A Parent's Guide to Band Contests


Texas is blessed with a tremendously strong curricular music program in the public school systems. Our music programs have survived every curricular innovation, every scheduling impediment, and every budgetary crisis in the last 75 years. A large part of this longevity may be attributed to the well-organized and maintained competition system in Texas that is the model for the rest of the country. Band competitions in Texas are sponsored by two very different organizations: the University Interscholastic League(UIL) and the Texas Music Educators Association(TMEA). The UIL is an organization of schools that governs extracurricular academics, sports and music. TMEA is an organization of music teachers, including band, choir, orchestra, and classroom music teachers at every level through college. Marching and concert competitions are sponsored by the UIL, while TMEA sponsors the Region Band Contest and selects the Honor Bands in each class through recordings.


TMEA Region 26 All-District and All-Region Band - Auditions in October/November


All-District band is an individual contest for 7th and 8th grade students from Round Rock ISD.  Each woodwind or brass student learns three short pieces of music (etudes) as well as eight scales. Percussion will learn three etudes; one each on marimba, snare drum, and timpani. Each student performs for a panel of 5 judges in a blind audition; the students and judges cannot see one another. If a student is ranked high enough, they are placed in the All-District Band.  This band does not perform, but is an honorary title and award of high achievement.


The highest ranking students making All-District Band will advance to the second round of auditions for the All-Region Band, composed of Round Rock ISD students and those ranking highest from surrounding districts.  The highest ranking students of this final audition will be placed in one of three performing bands made up of the top students from the competition, with the top 1-4 students of some instruments making the elite All-Region Orchestra.  This is the highest individual honor a student can achieve in middle school band.


UIL Concert and Sight-Reading Contest - End of March


This is the staple competition for UIL, occurring every spring in all 32 regions of the state.  It will be our most important concert date of the year.  Each band prepares a concert program of two pieces chosen from the Prescribed Music List and a concert march (for example “Stars and Stripes Forever”) and performs them in front of three independent judges. The band is given a rating from each judge: I – Superior, II – Excellent, III – Good, IV – Fair, V – Poor. The judges cannot confer about their rating and the FINAL rating is a consensus of the three, not an average. Theoretically, EVERY band can get a I – Superior or a V – Poor. The competition is not among the bands, but against a standard of excellence that has been established through the many decades of this competition.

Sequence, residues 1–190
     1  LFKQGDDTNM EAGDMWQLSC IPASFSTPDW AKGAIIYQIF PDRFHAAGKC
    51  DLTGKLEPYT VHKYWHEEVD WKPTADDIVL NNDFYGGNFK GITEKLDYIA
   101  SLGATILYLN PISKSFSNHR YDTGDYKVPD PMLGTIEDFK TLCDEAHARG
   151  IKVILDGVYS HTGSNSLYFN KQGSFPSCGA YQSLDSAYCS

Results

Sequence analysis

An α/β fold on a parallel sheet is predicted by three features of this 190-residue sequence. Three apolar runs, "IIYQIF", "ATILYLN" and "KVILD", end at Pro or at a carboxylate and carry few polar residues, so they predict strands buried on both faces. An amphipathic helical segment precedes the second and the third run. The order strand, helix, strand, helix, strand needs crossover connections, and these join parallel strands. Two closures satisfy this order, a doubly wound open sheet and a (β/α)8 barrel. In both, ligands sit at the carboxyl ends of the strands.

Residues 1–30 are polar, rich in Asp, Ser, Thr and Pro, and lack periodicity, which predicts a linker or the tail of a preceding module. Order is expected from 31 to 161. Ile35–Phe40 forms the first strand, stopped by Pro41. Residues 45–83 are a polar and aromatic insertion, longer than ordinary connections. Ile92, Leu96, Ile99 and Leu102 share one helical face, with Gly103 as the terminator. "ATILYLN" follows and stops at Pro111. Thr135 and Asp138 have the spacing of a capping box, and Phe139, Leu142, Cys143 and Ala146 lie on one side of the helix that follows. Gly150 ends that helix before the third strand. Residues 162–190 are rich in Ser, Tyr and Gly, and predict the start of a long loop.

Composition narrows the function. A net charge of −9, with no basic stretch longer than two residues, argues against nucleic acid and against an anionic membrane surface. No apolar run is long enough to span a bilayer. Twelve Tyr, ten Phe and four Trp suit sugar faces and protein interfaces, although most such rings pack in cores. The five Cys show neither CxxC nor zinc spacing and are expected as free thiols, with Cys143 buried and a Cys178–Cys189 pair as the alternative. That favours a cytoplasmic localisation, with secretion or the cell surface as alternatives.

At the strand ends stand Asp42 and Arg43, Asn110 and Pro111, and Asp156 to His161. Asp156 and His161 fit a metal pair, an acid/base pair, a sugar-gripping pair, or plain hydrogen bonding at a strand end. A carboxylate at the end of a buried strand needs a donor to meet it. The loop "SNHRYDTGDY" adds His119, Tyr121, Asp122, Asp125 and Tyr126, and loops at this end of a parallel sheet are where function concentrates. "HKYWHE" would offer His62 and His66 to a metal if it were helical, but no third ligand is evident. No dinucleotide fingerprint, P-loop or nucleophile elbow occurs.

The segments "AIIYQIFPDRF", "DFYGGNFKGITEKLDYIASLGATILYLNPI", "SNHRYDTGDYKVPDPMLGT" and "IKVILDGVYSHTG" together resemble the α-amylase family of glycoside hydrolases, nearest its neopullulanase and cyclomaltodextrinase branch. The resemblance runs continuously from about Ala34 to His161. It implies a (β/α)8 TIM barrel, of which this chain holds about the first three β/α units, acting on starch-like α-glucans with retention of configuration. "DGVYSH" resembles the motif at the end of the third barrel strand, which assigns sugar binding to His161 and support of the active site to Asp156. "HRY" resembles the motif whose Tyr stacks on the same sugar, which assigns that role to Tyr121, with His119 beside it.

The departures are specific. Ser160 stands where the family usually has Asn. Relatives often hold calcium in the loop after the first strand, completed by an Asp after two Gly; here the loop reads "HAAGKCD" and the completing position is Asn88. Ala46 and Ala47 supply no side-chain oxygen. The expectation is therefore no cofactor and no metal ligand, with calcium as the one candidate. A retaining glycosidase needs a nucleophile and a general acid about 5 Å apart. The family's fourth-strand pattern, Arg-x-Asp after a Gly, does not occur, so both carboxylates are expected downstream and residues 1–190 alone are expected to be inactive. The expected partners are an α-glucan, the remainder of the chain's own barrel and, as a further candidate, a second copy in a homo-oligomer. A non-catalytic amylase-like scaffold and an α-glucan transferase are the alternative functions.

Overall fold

Immediately following the concert, the band moves to another room for Sight-Reading. The band director has a set amount of time (usually 7-8 minutes) to teach the band a completely new song that the band has never seen or played before. The students have only one opportunity to perform the song in front of three judges. The judges give ratings on a scale of I -V (1-5) like the Concert Contest. Judges will base their rating on the overall performance of the music and also consider the directions given from the band director during the explanation period and the students’ response to the director’s instructions.


If a band receives a I – Superior Rating in both the Concert and Sight-Reading portions of the contest, they earn a Sweepstakes Award.  Since almost all middle schools in the state of Texas participate in the Concert and Sight-Reading Contest, it is considered the equivalent of a statewide achievement test for Band. (Think STAAR for Band).  


Chamber Music Recitals


Students are organized into small ensembles, called “chamber groups”, made up of 3-8 members on the same instrument and select a piece of music to perform. Advanced Band students can perform with any other advanced band students that play the same instrument. Beginning band students must perform with students from their class. Each chamber group performs a piece for a judge who gives them adjudication comments to help them improve. Ensembles do not compete against each other, but rather critiqued against a set standard. Students are given a copy of their judges comment sheet and a certificate if they received an “outstanding” rating.



TMEA State Honor Band - At director’s discretion, every other summer


TMEA sponsored completion every two years to find the “State Honor Band” for each classification. All Middle School bands are divided into three classifications (C, CC, CCC) based on school enrollment (CVMS is classified as “CCC”). Bands across the state choose to record as many as four different performances of their concert programs and submit the best of these for consideration at the region, area and state levels. At each level a panel of five judges hears the recorded performances without knowing the school identification. The judges rank the performances from top to bottom and the top 2 at each level advance. Fourteen performances are heard at the final level to select the finalist and the State Honor Band in each class. The Honor Band performs the following year at the Texas Music Educators Convention in San Antonio the following February. This is the highest honor a band can receive in the state of Texas.